777

I’m not normally one to do these tagged challenges, I tend to ignore them as I do with chain letters and texts (I mean, really, does anyone really believe that if they send something on, they’ll become a millionaire next week?  Or if they don’t send it on, all their fingers and toes will fall off?).  This one though, this one intrigued me!  The idea is that you share a little bit of your work in progress (WIP) and then tag seven authors or bloggers to do the same, thereby sharing the love and introducing readers (and writers) to other authors and blogs.  I think it’s a great idea and really – what could go wrong?  (Well, apart from the fact that I’m not sure I know seven other authors who haven’t previously been tagged, but I’ll try my best!)

THE RULES!

The taggee must go to the seventh page, to the seventh line, and share the next seven sentences of their latest work in progress or new book.  Then they must tag seven other authors to do the same.

I’m It!

I was tagged by DM Miller.  Her bio reads:

DM Miller has trekked a path from North to South to West, finally settling with her family among prickly cactus thorns and big sky valleys.  From her multicultural gene pool, her appetite for going against the grain and exploring unlikely romantic pair-ups fuels the sudden trip to the keyboard to jot down whatever crazy thought enters her head for a story. 

 

I haven’t read DM’s book, The Religion of the Heart, yet but it’s definitely on my list!  It’s an interfaith romance that deals with the problems that a Muslim/Jewish couple might encounter.  This is her book description:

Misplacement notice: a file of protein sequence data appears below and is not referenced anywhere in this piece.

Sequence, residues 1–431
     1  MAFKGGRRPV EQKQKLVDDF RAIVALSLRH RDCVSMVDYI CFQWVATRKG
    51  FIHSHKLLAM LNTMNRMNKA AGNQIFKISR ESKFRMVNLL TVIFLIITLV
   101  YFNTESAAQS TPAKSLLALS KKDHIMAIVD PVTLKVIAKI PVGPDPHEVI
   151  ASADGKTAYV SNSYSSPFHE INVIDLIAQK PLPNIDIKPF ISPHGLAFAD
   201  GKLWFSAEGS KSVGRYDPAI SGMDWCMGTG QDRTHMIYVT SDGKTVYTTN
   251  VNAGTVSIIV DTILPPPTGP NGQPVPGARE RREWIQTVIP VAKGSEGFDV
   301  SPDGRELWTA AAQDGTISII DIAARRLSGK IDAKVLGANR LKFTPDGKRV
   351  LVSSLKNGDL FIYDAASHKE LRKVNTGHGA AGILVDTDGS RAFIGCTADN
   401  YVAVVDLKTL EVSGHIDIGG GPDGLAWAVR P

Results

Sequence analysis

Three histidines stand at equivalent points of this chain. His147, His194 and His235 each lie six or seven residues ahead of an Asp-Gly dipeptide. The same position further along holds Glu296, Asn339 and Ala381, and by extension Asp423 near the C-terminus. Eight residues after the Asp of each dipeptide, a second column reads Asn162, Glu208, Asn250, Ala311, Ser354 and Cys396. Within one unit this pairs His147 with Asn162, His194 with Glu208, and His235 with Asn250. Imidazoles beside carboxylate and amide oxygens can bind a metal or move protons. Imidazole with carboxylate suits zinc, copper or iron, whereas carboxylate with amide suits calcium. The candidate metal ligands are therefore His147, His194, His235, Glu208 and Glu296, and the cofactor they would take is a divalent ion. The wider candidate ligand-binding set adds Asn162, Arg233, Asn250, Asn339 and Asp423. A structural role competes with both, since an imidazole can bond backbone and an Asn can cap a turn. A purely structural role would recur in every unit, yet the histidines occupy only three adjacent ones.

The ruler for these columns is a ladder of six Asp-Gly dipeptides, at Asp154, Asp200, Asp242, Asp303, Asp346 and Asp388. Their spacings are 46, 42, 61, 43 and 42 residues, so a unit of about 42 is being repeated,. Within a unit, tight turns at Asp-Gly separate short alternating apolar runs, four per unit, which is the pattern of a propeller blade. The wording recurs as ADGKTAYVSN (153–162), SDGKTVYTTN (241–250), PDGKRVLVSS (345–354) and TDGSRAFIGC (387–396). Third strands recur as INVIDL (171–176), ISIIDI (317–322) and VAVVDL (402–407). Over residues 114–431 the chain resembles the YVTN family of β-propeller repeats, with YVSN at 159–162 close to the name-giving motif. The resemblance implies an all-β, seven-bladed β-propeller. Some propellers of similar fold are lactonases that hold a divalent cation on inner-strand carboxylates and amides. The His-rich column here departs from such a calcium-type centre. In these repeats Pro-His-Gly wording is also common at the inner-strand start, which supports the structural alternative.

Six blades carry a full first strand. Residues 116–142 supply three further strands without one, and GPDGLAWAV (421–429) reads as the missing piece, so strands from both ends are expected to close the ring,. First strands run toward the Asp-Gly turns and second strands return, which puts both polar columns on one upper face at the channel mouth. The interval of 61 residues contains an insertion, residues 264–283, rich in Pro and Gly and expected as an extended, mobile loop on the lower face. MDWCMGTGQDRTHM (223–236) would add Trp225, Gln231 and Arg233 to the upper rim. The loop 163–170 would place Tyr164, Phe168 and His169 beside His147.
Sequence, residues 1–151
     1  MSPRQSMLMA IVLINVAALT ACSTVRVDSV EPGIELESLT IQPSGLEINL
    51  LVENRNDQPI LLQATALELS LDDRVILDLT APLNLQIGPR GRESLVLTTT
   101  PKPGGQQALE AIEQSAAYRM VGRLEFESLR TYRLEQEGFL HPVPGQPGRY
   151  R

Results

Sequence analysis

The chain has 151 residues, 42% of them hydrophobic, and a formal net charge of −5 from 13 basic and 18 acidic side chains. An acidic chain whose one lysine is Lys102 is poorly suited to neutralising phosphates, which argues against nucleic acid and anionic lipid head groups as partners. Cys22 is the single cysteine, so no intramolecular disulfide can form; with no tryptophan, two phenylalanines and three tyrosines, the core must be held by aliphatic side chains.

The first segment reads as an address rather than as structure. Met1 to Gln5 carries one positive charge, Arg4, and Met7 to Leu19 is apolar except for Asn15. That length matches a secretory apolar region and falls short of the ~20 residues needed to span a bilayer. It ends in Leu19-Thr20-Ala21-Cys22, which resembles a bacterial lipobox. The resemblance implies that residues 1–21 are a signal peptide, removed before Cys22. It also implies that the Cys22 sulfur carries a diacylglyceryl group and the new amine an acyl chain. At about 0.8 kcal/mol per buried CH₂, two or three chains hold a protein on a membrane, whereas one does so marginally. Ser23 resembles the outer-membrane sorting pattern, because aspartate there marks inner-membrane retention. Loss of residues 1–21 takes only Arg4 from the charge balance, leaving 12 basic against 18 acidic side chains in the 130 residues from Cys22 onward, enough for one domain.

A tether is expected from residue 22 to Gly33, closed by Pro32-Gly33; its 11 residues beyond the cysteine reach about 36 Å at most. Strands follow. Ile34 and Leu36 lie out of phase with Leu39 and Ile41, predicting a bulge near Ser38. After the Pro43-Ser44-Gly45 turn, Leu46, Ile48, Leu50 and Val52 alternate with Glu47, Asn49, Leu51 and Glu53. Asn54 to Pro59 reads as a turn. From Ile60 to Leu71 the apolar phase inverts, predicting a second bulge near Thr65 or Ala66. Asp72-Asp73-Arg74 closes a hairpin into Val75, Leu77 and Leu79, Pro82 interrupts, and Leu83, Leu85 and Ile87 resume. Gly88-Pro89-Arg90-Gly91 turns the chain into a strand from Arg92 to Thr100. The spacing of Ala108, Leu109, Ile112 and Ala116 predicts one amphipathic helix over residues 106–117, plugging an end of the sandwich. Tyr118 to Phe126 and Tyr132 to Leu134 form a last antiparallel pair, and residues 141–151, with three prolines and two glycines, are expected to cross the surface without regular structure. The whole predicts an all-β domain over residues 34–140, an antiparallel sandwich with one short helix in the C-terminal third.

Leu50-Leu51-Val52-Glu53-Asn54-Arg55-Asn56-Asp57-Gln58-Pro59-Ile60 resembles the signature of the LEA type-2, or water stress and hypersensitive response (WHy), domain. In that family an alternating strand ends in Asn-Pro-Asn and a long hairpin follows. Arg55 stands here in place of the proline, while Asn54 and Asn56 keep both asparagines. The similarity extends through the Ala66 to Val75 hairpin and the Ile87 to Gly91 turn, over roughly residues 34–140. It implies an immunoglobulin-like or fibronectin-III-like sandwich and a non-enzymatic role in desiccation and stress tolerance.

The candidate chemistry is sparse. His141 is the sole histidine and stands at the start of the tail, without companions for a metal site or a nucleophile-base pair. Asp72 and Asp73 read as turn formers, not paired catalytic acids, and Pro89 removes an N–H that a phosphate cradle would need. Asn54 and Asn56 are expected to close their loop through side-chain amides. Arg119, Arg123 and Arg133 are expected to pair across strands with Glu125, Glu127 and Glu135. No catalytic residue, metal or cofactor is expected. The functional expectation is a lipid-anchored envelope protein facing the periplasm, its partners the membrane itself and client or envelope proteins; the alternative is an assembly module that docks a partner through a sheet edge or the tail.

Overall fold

51o8lZL-9aL._SY344_BO1,204,203,200_Catherine and Abdul come from two opposing worlds. She is raised in the Judeo-Christian West, while he comes from a Muslim family in Egypt. Their first meeting is little more than a fleeting moment, but it sparks over a decade-long desperation and agonizing battle to be together.

Incompatible religions, distinct cultures and hot-tempered families vowing to keep them apart are the overwhelming hurdles they face, and reality hits once mysteries are solved and the fairytale beginning fades away. They are left with difficult decisions as they determine how important their respective religions are and whether or not the Muslim culture can mesh with the West.

Can an enduring yet taboo love conquer all when conflicting religions are duking it out, or will threatening roadblocks stand in the way?

I’m not one for romance, but this book appeals to me because it looks at societal norms and how restrictive they can be when it comes to other people.

My Seven Lines